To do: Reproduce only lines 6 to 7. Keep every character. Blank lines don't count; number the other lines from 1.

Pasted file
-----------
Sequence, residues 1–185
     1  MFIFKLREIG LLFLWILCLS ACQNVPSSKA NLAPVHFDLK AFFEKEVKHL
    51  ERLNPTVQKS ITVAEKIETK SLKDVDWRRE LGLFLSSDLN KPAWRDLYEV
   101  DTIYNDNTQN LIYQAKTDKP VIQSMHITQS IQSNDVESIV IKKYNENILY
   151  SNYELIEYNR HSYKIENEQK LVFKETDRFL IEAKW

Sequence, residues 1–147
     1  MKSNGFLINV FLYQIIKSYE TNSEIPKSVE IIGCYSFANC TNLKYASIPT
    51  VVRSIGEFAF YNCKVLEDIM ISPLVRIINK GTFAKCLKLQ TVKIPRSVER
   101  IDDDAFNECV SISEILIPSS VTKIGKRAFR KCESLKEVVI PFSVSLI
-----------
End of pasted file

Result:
Sequence, residues 1–147
     1  MKSNGFLINV FLYQIIKSYE TNSEIPKSVE IIGCYSFANC TNLKYASIPT